Growth factors and peptide mimetics
Growth factors are naturally-occurring proteins which regulate the growth and survival of cells. Their potent biological effects make them attractive targets for the development of novel therapeutic agents for a multitude of as yet untreatable diseases. However, because of their poor pharmacokinetic properties — the physical size and chemical nature of proteins renders them highly susceptible to breakdown in the bloodstream, requires that they be injected, and limits their access to certain areas of the body — recombinant proteins themselves are unlikely to be the optimal agents for clinical use.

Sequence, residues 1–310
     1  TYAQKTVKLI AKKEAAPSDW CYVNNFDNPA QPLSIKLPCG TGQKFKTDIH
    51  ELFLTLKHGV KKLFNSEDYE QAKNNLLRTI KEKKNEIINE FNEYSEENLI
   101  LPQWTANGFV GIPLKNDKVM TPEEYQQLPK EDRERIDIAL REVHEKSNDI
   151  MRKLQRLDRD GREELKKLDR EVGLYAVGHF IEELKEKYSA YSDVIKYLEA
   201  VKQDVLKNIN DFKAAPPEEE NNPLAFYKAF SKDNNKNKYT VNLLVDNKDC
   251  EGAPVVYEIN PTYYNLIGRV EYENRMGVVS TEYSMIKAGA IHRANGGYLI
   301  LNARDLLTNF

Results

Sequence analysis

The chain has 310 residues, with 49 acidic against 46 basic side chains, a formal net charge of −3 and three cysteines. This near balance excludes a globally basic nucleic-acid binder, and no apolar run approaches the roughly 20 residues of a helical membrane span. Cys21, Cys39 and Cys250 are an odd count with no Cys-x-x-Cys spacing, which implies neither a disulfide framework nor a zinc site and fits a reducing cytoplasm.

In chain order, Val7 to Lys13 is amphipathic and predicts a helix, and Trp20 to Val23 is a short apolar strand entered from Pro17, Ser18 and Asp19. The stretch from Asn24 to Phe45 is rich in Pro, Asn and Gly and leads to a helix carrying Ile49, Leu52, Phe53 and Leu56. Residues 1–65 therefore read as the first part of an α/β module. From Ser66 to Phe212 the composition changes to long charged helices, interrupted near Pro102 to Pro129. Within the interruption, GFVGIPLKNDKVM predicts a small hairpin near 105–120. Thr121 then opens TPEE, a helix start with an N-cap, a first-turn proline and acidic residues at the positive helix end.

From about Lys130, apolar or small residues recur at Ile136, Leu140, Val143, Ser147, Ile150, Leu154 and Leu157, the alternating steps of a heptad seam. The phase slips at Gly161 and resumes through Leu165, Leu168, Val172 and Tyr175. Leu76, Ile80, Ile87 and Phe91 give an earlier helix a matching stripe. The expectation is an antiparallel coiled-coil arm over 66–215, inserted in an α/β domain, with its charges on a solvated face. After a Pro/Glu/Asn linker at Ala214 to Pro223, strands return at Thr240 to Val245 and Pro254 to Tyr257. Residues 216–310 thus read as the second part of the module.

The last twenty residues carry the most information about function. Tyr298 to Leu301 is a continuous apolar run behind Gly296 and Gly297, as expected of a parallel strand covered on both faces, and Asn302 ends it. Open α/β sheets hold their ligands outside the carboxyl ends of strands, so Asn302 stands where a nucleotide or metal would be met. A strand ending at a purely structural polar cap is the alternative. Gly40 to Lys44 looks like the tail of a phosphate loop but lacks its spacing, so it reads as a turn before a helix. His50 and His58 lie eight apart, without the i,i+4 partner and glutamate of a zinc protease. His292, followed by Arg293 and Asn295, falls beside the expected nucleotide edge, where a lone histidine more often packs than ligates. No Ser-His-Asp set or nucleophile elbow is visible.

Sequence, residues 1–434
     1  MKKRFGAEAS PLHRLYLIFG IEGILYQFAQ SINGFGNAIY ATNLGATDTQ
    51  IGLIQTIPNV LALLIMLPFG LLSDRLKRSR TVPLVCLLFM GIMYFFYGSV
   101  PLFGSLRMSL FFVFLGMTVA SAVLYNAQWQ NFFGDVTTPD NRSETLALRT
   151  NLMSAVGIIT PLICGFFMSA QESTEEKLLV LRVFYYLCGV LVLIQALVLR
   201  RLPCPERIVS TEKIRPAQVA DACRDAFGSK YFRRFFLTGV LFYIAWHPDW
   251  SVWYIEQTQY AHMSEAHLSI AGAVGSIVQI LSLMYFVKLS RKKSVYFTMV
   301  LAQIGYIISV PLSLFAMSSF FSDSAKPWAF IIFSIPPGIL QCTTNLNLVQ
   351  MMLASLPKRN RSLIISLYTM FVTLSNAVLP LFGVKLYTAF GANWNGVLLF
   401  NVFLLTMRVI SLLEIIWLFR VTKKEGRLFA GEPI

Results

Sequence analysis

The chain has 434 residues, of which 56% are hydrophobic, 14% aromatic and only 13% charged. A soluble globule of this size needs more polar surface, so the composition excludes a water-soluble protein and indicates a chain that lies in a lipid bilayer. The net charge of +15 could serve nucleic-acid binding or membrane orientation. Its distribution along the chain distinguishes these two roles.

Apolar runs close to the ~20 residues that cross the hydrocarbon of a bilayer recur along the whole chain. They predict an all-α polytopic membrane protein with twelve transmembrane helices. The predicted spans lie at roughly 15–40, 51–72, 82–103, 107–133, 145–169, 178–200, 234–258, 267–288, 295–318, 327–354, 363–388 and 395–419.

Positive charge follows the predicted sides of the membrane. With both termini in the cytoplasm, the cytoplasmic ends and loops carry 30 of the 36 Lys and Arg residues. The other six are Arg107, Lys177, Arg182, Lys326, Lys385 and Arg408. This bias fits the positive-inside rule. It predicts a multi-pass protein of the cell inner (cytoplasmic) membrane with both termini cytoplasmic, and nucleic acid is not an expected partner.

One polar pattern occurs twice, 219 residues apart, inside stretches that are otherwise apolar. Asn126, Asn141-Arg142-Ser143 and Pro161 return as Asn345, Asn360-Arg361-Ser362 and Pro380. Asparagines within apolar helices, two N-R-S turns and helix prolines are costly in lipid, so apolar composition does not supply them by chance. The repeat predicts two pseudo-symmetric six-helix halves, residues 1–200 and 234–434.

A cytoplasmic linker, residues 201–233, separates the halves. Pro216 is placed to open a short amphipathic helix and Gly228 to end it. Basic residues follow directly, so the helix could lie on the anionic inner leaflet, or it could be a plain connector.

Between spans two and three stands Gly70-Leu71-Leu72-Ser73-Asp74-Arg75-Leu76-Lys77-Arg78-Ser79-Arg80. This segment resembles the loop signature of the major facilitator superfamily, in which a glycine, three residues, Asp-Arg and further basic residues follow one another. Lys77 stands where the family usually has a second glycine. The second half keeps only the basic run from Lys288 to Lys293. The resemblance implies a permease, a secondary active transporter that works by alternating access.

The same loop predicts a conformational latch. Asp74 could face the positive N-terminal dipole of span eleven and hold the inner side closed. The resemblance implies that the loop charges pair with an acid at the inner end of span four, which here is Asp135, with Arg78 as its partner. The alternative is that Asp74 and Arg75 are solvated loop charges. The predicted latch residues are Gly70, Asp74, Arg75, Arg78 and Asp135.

We have developed techniques that enable us to design conformationally-constrained peptides that act as potent mimetics or inhibitors of selected growth factors. We have three projects in this area, designing peptide mimetics that target both central and peripheral nervous system diseases, including multiple sclerosis and Guillain-Barre syndrome.
Faculty Research Themes
School Research Themes
For further information about this research, please contact the research group leader.